QWiPS, a social voice platform, announced Monday that it has secured $1.25 million in series A funding led by Shawn Landgraf of Magnus Partners Inc and Allan Watson of NYC Trading Floor, LLC. Other anonymous investors include C-level digital advertising, branding and PR executives.
The New York-based company’s patent-pending voice-response technology "allows users to attach voice caption to photos, and post," QWiPS CEO Peter Grossman told me, "bringing voice to it, a dimension solely missing so far to the social experience."
The company, founded in 2010 as "Blurts" before changing its name in September '11, was founded by Jeffrey Stier, now acting President. Stier, as told by Grossman, "saw a void in the way social conversations were carried on."
In conversation, tone is crucial. No more misunderstanding a Facebook post or comment.
Grossman said that he "believes that tone and passion are everything and better expresses authenticity in a conversation. An element solely missing in present social Web conversations."
Let's say your girlfriend is in Finland, but you are in San Francisco and you cannot wait until her next visit to propose to her. You may take a picture of yourself, down on your knee, holding the engagement ring, and attach to it your imploring request for her hand. Pretty nifty.
On the other hand, since a QWiPS recording can last no longer than 30 seconds, which limits what can be said, and shared, you may not want to end a relationship using QWiPS. That would be pretty nasty.
And for marketers looking for new ways to reach an audience, the 30-second voice-recording is a constraint on the depth of a message. Obviously too short to be used for in-depth marketing pitches, or expansive dialogues, but Grossman believes it serves an important purpose, just as it is.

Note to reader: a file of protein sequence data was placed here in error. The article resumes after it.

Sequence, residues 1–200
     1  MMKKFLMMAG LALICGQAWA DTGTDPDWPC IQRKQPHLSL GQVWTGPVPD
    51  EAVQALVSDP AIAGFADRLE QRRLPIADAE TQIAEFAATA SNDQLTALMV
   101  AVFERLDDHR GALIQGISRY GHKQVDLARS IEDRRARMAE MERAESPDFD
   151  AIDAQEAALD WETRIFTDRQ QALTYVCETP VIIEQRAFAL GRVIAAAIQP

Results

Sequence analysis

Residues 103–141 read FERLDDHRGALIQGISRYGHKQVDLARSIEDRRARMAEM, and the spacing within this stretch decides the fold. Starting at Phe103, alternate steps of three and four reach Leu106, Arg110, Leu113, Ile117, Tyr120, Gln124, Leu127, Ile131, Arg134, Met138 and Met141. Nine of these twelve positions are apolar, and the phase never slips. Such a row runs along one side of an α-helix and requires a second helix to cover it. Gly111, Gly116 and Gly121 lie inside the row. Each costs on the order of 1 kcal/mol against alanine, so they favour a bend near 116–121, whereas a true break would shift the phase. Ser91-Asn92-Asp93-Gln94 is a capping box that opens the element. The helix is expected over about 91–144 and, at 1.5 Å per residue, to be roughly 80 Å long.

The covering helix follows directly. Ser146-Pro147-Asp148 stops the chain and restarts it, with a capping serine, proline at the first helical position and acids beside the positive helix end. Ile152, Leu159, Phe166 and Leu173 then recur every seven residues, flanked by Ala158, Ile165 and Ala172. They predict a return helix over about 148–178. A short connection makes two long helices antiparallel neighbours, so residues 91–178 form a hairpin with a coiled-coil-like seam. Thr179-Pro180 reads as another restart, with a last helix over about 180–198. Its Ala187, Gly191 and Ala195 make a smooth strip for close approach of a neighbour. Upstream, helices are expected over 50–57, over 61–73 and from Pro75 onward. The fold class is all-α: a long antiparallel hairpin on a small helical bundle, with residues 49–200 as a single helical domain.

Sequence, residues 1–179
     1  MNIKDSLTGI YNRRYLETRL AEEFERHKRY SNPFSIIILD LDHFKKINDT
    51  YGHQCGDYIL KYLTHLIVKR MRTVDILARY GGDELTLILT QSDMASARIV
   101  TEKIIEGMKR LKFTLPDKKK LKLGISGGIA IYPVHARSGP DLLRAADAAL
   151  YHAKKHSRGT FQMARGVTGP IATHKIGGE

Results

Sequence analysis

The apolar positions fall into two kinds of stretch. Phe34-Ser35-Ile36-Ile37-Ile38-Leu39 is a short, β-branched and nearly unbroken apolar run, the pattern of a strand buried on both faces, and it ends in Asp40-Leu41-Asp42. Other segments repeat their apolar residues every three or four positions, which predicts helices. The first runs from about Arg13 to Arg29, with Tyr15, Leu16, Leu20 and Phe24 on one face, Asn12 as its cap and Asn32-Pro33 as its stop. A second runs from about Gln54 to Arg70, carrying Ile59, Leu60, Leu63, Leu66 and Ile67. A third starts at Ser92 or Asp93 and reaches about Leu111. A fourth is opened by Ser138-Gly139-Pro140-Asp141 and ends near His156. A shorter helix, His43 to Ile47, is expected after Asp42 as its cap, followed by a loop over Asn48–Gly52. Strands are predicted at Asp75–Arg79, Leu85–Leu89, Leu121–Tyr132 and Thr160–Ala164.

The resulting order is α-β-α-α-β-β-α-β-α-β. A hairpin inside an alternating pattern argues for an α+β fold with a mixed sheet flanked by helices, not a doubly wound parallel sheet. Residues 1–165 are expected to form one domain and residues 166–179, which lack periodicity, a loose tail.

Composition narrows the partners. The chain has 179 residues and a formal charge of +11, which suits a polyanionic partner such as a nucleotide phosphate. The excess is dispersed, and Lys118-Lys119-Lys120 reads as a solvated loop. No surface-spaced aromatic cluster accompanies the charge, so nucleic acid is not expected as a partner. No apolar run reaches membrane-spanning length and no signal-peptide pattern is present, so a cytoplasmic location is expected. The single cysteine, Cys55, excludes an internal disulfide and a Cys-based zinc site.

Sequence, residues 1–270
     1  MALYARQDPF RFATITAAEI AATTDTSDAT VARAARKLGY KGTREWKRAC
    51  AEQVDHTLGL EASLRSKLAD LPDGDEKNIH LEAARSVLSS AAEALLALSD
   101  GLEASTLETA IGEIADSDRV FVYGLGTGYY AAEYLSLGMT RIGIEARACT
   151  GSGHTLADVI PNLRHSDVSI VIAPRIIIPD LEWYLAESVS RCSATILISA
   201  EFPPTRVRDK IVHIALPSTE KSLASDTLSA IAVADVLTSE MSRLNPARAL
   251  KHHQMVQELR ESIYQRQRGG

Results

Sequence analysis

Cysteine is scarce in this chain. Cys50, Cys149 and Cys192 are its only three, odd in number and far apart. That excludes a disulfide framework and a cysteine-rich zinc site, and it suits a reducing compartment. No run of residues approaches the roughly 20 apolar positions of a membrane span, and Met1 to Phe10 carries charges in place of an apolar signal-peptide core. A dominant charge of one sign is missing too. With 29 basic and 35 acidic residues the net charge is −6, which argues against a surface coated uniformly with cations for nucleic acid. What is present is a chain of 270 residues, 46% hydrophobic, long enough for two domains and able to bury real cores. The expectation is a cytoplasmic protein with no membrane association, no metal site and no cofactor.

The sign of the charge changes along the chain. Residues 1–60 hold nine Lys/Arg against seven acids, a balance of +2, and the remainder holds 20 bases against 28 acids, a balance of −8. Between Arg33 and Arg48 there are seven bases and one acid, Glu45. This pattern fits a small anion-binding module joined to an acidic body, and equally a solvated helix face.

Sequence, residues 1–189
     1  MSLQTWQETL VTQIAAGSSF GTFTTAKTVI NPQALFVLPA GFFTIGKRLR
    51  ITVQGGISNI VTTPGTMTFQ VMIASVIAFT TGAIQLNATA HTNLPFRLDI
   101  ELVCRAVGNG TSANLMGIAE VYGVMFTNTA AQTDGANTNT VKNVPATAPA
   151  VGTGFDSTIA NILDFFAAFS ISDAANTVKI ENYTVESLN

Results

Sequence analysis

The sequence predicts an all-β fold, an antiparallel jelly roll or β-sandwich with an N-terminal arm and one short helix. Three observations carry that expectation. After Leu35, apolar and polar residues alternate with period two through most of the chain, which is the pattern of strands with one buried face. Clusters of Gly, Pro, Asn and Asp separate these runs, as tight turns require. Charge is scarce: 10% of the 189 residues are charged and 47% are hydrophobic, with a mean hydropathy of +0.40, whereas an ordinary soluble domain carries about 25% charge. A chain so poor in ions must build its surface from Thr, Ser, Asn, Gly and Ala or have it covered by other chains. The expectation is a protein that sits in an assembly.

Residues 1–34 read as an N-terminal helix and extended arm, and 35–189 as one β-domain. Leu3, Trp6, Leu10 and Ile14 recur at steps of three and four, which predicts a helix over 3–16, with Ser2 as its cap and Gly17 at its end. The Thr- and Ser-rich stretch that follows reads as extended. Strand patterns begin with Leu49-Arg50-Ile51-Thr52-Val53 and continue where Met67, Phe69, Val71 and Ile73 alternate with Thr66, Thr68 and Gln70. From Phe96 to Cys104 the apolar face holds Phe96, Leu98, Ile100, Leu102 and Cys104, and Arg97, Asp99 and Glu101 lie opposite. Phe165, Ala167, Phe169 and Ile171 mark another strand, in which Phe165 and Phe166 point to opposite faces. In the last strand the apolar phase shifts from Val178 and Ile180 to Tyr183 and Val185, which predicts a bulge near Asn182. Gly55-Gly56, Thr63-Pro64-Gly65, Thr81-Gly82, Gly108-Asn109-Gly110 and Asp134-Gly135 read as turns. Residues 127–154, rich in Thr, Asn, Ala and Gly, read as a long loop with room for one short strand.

Grossman said, "Voice is the most fundamental way humans socialize and share stories. Evolution built voice into human DNA and QWiPS is building voice into our digital DNA. The social Web binds us together in unique and inextricable ways with family, friends, co-workers, acquaintances and even strangers. Yet, currently the social web is silent. QWiPS is changing that in a powerful way. Our goal is to become the tool of choice for the sharing and personalization of voice on the web." The Android app will be availabe early 2012.
The beta version of the QWiPS app debuted last September during Fashion's Night Out (FNO) in NYC, where several magazine editors, such as Vogue, and top fashion bloggers created PhotoQwips(TM) -- voice captioned photos shared directly from their iPhones and distributed via Fashion's Night Out's Facebook and Twitter pages.
And, OxygenLive!, the women’s-targeted cable network’s online social hub, introduced QWiPS (then Blurts) in 2010 around its hit shows Bad Girls Club Miami and The Glee Project.
QWiPS's voice storytelling utility is already available on the Web, with an iPhone app to be released at the end of this month.
The company is not releasing how many people are presently using the Web service, but Grossman said, "once our iPhone app debuts we're anticipating a lot more interest in the QWiPS platform as the app makes it a really useful and mobile service for taking and sharing photos, etc. with voice captions on the go."
The funding is going to be used for "technological development of the QWiPS platform, broadening the marketing of QWiPS and our technology, and further expanding our current sales and partnership efforts with brands, publishers, and marketers who are looking to easily add voice to their sites and social media campaigns,” concluded Grossman.
For sure, social-voice utilities are generating some interest. Earlier this October, Fotobabble, a comparable service which solely focuses on photos, announced that it had raised $600K in a round of financing. Specifically, Fotobabble's platform lets you edit photos and sync them up with audio.
How far and loud this voice will be heard and catch on, is another story.